Rapid Mutation Makes PRRS Control Difficult

US - The path to eliminating PRRS (porcine respiratory and reproductive syndrome) could be likened to a climb to a base camp at Mt. Everest — progress is being made, but there is still a very tall mountain to climb.
calendar icon 5 July 2010
clock icon 4 minute read

“We are making progress, but PRRS is not an easy thing to deal with,“ says Lisa Becton, a veterinarian and director of swine health information and research with the National Pork Board in Des Moines.

PRRS has the ability to mutate quickly, making it even more difficult for researchers, she says. Millions of dollars have been pumped into research programmes throughout the United States, Dr Becton adds.

One method that seems to be seeing some success is an attempt to deal with it regionally, says Iowa Farmer Today.

“They are looking at it regionally in Minnesota, trying to see if they can eliminate it in a certain area,“ Dr Becton says.

“There are also some things being done in Illinois and Indiana, and we have seen some success with these efforts. This may be a method that we might be able to use to at least control it and perhaps even eliminate it totally in specific regions.“

Additional research is focusing on what makes PRRS so evasive to vaccines.

“We are looking at what causes the virulence mechanism, what is going to be most effective in vaccines,“ Dr Becton says.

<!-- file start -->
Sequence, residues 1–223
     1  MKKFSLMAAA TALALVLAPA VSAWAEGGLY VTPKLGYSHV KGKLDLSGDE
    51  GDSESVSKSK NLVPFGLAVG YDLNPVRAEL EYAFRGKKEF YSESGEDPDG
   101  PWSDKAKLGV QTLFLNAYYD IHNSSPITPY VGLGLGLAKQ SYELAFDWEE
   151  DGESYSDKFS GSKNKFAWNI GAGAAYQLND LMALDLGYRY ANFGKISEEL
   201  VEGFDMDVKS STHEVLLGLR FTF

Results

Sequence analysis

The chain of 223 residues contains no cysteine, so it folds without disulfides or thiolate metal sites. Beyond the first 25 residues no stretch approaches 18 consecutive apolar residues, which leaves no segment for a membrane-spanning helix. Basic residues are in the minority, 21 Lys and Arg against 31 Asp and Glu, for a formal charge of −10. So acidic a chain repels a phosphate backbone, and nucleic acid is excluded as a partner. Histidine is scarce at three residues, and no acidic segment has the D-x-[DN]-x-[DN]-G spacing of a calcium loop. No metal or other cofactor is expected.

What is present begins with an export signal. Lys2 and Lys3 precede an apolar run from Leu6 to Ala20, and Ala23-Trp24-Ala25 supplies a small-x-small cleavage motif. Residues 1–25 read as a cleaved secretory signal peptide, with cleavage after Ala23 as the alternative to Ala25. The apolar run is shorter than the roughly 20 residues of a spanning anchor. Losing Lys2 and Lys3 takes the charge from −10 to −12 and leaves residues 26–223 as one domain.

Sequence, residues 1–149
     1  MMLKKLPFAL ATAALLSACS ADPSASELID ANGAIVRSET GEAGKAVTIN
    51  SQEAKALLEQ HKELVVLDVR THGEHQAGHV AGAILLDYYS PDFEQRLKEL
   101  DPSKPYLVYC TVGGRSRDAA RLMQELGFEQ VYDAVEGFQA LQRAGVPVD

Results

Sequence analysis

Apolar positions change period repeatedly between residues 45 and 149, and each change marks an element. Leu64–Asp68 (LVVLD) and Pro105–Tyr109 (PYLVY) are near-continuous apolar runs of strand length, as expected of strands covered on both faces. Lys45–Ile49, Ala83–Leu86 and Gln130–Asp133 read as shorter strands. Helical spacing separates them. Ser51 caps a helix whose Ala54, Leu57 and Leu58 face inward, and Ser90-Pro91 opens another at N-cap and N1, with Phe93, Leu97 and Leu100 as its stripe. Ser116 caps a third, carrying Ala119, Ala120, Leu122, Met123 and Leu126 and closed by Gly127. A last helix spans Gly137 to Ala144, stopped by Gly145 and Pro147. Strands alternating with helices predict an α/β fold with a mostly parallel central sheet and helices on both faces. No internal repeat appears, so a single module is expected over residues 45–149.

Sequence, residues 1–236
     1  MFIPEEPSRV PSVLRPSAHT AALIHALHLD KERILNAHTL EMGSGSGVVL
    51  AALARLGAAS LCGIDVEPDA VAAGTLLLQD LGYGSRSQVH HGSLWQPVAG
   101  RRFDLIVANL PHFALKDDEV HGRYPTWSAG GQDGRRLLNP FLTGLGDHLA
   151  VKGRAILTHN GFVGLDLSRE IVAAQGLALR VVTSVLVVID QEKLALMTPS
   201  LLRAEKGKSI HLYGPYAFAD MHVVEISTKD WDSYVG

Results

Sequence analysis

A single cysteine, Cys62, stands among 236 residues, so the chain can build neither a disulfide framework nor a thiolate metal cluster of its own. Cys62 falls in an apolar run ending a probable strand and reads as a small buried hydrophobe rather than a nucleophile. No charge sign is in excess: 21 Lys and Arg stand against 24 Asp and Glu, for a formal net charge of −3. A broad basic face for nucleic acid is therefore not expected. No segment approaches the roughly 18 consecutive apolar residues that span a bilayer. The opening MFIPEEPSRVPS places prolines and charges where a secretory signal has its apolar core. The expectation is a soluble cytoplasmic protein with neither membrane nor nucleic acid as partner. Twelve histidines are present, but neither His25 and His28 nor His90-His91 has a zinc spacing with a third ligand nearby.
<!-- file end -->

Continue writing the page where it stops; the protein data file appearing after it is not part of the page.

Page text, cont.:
“How does PRRS evade the immune system? There is a lot of research looking at the genetic and molecular makeup of PRRS, and that type of things takes a long time.“

She says one procedure that appears to be promising is filtration systems on hog buildings.

“Basically, these are put up on buildings where any air comes in, such as a curtain or ventilation system,“ Dr Becton says.

“But, it also comes at a price, and right now it’s pretty tough economically for producers. But, this does look like it will be effective.“

She says producers continue to use better biosecurity methods to help keep the virus off their farms. Basic management should greatly reduce the risk of PRRS infecting an operation, Dr Becton adds.

“Breeding stock needs to be tested before coming on the farm, and that includes bringing in semen,“ she says.

“You need to clean and disinfect all equipment. You need to reduce the amount of traffic onto your farm.

“Make sure trailers are thoroughly cleaned and dried. All of those can greatly reduce the transmission of PRRS.“

With the emergence of the H1N1 virus, Dr Becton says more attention may be paid to that virus than PRRS.

“We have been dealing with influenza in the swine industry for a long time.

“What I would like to see us do is to focus on creating an infrastructure to collect and analyse data and be able to plug this disease into a surveillance system.“

She says researchers also are looking at the effect PRRS has when it attaches to other issues, such as influenza or, most recently, circovirus.

“There is some research looking at co-infections,“ Dr Becton says.

“We saw what happened with circovirus. PRRS can also have an effect when combined with mycoplasma. So, there are issues to look at there as well.“

As the pork board and other groups continue to focus on eliminating PRRS, Dr Becton believes the money and time spent will eventually pay off.

However, she says producers need to have patience.

“We are going to have to create a diagnostic method of detecting PRRS, and that is going to take time.

“I believe we are making very good progress, and a lot of people are working on this. We get closer each year.“

Further Reading

- Find out more information on PRRS by clicking here.
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